Prison term for Rwandan ex-president

A Rwandan court has sentenced former President Pasteur Bizimungu to 15 years imprisonment for charges that included creating a militia and inciting violence in the central African country.

    Bizimungu became president in 1994 just after the genocide

    Bizimungu, whose trial began on 1 April, was convicted on Monday of attempting to form a militia group, inciting violence and embezzlement, receiving a consecutive five-year jail sentence for each. He had denied all charges.

       

    An ethnic Hutu, Bizimungu became president when the ruling Tutsi-dominated Rwandan Patriotic Front (RPF) took power in 1994 after the genocide in which extremists from the Hutu majority butchered 800,000 Tutsis and politically moderate Hutus.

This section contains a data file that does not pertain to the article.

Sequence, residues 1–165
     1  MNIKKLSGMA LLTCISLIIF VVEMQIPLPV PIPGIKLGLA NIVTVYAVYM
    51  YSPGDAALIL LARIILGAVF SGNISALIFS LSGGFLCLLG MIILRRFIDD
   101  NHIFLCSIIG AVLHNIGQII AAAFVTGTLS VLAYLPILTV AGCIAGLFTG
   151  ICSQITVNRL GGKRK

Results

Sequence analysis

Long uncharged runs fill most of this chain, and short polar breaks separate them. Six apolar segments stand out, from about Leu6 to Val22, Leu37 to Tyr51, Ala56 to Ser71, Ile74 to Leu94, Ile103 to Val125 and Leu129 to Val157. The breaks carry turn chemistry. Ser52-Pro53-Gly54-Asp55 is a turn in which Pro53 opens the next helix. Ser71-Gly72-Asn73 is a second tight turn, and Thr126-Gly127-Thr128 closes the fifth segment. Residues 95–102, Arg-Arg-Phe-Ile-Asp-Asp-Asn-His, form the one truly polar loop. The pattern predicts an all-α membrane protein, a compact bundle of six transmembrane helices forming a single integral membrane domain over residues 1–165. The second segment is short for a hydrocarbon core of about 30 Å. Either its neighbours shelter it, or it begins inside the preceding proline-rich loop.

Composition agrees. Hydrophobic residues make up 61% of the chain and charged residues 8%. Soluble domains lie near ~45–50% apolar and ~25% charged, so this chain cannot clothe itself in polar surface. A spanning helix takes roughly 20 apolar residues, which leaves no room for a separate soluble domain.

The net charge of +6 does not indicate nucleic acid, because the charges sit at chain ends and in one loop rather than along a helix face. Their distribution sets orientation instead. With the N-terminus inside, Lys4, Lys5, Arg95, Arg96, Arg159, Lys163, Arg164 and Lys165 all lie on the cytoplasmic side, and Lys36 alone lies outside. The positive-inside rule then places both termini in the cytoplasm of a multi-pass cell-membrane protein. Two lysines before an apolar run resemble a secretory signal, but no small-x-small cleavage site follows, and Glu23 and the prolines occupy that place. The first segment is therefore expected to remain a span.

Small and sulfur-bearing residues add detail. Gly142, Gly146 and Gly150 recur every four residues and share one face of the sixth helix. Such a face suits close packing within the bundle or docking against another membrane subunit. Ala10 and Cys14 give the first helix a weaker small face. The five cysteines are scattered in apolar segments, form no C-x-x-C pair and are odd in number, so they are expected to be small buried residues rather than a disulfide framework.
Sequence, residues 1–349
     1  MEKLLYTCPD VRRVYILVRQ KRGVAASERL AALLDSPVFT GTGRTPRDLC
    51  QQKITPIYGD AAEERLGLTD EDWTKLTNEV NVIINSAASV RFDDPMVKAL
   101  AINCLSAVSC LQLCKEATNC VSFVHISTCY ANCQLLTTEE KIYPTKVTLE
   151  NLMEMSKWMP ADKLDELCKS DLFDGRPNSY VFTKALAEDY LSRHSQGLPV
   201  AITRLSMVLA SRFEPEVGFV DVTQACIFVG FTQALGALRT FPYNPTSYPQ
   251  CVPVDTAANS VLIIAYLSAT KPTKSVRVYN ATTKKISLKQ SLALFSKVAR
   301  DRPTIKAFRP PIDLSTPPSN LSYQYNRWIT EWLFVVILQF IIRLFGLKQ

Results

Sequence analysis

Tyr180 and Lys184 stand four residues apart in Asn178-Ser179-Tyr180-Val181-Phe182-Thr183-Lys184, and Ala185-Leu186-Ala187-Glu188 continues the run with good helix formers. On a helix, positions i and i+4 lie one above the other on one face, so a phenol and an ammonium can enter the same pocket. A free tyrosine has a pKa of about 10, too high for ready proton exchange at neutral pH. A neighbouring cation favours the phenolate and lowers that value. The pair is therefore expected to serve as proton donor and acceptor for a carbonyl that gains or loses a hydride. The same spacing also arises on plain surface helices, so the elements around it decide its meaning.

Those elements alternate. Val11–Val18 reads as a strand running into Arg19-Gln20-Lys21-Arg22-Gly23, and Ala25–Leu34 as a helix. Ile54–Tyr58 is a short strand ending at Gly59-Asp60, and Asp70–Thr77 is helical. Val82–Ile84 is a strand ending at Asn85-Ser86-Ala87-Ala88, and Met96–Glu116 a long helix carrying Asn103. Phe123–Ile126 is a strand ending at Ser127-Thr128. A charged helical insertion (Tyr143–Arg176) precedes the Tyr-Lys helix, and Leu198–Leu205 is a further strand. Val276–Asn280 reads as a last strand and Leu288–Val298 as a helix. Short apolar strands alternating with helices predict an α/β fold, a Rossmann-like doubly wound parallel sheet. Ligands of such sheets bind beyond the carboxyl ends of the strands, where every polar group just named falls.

Paul Kagame, whose Tutsi-led RPF ended the 100 days of slaughter, was vice-president.

       

    The double-act of Bizimungu, a French-speaking Hutu, and Kagame, an English-speaking Tutsi, was intended to symbolise post-genocide reconciliation.

       

    However, their relationship soured, and in March 2000, Bizimungu resigned after falling out with top RPF members.

    SOURCE: Reuters


    YOU MIGHT ALSO LIKE

    Inside Korea's Doomsday Cult

    Inside Korea's Doomsday Cult

    Follow 101 East's investigation into a secretive Korean cult in Fiji as it built a business empire on exploitation.

    Racism and the black hole of gun control in the US

    Racism and the black hole of gun control in the US

    Would tighter gun laws help protect African Americans or make them more vulnerable to racism and police brutality?

    My father, a Pakistani prisoner of war in India

    My father, a Pakistani prisoner of war in India

    A daughter's tribute to the father who never recovered from his war wounds.